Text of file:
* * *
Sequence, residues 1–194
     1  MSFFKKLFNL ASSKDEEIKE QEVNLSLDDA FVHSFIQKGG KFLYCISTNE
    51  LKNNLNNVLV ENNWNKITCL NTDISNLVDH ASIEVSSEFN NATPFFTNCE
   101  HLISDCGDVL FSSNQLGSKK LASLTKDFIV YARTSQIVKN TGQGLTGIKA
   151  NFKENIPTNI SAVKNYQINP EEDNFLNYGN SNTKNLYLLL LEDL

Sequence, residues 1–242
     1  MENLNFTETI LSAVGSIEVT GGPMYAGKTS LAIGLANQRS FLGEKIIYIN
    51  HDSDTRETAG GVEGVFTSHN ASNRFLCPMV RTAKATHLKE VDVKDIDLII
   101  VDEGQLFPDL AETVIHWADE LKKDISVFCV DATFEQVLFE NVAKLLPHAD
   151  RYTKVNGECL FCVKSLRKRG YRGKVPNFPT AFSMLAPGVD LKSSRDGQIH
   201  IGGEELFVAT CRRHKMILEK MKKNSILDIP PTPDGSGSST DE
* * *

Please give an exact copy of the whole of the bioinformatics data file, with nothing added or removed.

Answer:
Sequence, residues 1–194
     1  MSFFKKLFNL ASSKDEEIKE QEVNLSLDDA FVHSFIQKGG KFLYCISTNE
    51  LKNNLNNVLV ENNWNKITCL NTDISNLVDH ASIEVSSEFN NATPFFTNCE
   101  HLISDCGDVL FSSNQLGSKK LASLTKDFIV YARTSQIVKN TGQGLTGIKA
   151  NFKENIPTNI SAVKNYQINP EEDNFLNYGN SNTKNLYLLL LEDL

Sequence, residues 1–242
     1  MENLNFTETI LSAVGSIEVT GGPMYAGKTS LAIGLANQRS FLGEKIIYIN
    51  HDSDTRETAG GVEGVFTSHN ASNRFLCPMV RTAKATHLKE VDVKDIDLII
   101  VDEGQLFPDL AETVIHWADE LKKDISVFCV DATFEQVLFE NVAKLLPHAD
   151  RYTKVNGECL FCVKSLRKRG YRGKVPNFPT AFSMLAPGVD LKSSRDGQIH
   201  IGGEELFVAT CRRHKMILEK MKKNSILDIP PTPDGSGSST DE